Anyone who plays video games and has grown up during the 90s is familiar with Pokemon. It’s also likely that they’ve been fantasizing about going out into the world and catching pokemon for themselves ever since. Well, that dream has become a reality.
Pokemon Go is an amalgamation of real world GPS location-based exploration (like geocaching), augmented reality bits, and pokemon. Pokemon! In practice it’s a matter of wandering around in order to find something to catch, catching it, then competing with other players to maintain control over pokemon gyms at real world locations.
Take a Walk
The best way to catch any pokemon is to get out there and do some legwork.
The floating blue cubes that turn into poké ball symbols when you get close are PokéStops. When you’re close enough you can tap on them to “visit,” then swipe across the large circle in the center of the screen to collect useful items.
Those large spires surrounded by lights are gyms. You won’t be able to do anything with them until you reach trainer level 5 and pick a team to join (Valor, Mystic, or Instinct), but once you do you can battle against other trainers.
Hatch eggs by placing them in incubators (open the pokemon menu and then select the Eggs tab), then start walking. Different eggs require different distances to hatch.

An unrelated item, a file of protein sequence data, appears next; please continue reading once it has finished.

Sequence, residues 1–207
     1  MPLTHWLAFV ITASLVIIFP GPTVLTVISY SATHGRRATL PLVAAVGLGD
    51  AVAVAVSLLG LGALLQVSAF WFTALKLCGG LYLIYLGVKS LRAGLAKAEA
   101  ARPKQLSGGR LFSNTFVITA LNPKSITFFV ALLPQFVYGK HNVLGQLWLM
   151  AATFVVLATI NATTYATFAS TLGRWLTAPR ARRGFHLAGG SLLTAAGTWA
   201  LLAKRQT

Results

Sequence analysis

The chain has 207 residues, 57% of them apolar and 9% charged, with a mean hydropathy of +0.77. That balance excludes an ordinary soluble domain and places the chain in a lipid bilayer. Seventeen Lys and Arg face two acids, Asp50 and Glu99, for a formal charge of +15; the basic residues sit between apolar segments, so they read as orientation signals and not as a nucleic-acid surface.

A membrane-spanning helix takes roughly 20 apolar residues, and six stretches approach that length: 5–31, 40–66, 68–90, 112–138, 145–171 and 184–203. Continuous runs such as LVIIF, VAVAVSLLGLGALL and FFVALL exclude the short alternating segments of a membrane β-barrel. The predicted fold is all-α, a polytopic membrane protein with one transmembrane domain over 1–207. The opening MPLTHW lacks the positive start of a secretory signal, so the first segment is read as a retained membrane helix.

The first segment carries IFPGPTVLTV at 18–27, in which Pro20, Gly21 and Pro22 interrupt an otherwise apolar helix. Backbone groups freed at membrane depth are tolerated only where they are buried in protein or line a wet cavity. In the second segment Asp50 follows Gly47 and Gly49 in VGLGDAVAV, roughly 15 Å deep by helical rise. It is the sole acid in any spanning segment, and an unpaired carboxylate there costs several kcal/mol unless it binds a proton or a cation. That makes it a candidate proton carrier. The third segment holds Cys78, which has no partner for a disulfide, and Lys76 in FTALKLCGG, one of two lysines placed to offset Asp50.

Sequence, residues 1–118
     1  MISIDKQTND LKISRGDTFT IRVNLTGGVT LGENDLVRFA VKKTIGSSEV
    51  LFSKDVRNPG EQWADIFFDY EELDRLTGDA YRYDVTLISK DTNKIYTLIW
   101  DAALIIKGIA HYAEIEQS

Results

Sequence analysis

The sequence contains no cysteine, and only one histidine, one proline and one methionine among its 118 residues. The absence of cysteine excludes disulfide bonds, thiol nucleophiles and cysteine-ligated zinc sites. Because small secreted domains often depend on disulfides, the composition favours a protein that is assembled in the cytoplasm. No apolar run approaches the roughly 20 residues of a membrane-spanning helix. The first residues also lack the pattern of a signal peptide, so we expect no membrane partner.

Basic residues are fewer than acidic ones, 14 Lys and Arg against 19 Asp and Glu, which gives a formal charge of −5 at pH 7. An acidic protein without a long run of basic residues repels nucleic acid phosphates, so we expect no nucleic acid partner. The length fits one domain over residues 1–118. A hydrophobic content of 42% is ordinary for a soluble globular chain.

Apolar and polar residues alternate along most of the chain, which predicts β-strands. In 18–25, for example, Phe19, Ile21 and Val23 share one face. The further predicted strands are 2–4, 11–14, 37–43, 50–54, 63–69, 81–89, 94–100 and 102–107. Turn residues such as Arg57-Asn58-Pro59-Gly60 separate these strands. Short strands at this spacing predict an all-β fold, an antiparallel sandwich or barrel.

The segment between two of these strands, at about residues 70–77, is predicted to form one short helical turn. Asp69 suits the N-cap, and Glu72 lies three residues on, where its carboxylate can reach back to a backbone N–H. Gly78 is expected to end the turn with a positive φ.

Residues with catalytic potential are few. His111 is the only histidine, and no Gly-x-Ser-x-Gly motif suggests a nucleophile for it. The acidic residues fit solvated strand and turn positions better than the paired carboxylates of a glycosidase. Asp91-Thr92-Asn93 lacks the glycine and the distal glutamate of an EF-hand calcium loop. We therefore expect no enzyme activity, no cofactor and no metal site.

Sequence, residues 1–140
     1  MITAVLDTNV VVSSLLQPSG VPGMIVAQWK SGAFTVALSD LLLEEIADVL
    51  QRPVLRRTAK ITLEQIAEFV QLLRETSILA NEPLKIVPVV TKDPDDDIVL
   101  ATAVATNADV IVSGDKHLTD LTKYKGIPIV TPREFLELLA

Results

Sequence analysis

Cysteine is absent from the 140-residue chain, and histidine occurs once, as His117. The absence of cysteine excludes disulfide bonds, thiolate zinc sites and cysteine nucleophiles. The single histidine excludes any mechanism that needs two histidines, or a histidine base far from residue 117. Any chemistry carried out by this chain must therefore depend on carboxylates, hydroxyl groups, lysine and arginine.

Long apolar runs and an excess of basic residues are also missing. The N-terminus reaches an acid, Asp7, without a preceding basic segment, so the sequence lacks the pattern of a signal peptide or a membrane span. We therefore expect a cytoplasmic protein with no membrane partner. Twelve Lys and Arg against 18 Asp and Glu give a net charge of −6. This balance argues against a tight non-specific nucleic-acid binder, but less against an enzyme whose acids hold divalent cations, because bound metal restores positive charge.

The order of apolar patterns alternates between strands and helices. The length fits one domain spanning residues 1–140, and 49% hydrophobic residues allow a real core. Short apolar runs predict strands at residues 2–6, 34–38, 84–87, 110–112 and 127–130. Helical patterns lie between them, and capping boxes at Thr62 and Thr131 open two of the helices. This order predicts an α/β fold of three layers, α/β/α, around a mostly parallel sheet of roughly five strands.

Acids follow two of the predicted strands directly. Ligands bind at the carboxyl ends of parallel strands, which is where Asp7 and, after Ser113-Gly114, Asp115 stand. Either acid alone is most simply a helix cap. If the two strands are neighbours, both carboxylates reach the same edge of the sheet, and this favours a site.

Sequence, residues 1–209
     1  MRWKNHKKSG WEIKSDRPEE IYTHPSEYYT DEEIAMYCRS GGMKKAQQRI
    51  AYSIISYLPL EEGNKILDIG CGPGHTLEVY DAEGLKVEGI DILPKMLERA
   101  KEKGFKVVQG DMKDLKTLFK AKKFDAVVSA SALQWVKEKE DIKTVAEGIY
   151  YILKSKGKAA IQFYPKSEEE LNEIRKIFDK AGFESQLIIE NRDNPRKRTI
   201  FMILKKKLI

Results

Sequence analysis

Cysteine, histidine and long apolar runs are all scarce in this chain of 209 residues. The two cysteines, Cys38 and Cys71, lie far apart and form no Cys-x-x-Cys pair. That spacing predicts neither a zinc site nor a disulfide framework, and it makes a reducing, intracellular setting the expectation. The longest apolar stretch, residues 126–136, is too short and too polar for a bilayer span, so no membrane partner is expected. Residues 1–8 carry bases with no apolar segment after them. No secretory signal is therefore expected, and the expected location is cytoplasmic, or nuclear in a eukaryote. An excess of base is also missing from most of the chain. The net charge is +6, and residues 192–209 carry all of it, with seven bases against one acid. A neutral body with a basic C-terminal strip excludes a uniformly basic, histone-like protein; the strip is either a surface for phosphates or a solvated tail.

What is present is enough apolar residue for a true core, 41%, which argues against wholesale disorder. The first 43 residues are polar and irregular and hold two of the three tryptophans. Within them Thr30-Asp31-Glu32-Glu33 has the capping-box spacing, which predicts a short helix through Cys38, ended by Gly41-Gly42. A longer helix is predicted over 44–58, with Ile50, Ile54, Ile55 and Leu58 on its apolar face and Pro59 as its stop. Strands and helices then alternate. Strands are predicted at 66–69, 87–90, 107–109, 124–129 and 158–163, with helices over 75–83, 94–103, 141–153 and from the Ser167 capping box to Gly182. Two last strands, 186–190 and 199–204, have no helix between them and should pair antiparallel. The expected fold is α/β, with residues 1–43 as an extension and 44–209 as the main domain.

Insert Worn Out Line About Catching Here
Actually capturing pokemon can be tricky at times. It’s usually fairly easy starting out but soon you’ll end up with a few escapees. Don’t be discouraged!
The way you toss the poke ball does make a difference. If you pull to the side, it’ll veer off. If you swipe too quickly or too slowly it’ll go past your target or come up short.
The colored ring (green, yellow, orange, red) that appears around a pokemon gives a vague idea of how tough it is to catch.
If you fail too often, and/or if the pokemon pulls too far away from you (it usually gets a bit further back with each failure), it’s going to run.
Beef ‘Em Up
Once you’ve caught your pokemon you still need to train and evolve them.
Every time you catch a pokemon, you’ll earn some candy for that type. You can spend this candy a piece at a time to boost their power and health, or you can save it up and spend a bunch at once on evolution.
Don’t use candy right away. Wait until your trainer level is higher, when you start finding pokemon with strength numbering the hundreds, to use your candy.
Catch every single pidgey you find, then evolve them. Pidgeys are really easy to evolve, and doing so will net you a fair amount of experience. You can exploit this to gain levels quickly and, by extension, start finding more powerful pokemon sooner.
Beat ‘Em Down
Eventually you’re going to have to find a gym and throw-down.
Attack rival gyms to reduce their prestige (necessary for pushing other teams out and taking over). Attack gyms your team controls to increase their prestige and make it more difficult for rivals to take over.
Tap to attack. Some pokemon are also faster than others, which you can use to your advantage.
Swipe left or right to sidestep. If you time it right you can avoid your opponent’s attacks.
Tap and hold to use a special attack. This uses an energy meter – displayed under the pokemon’s health. Once a segment is glowing blue, you’re free to use it.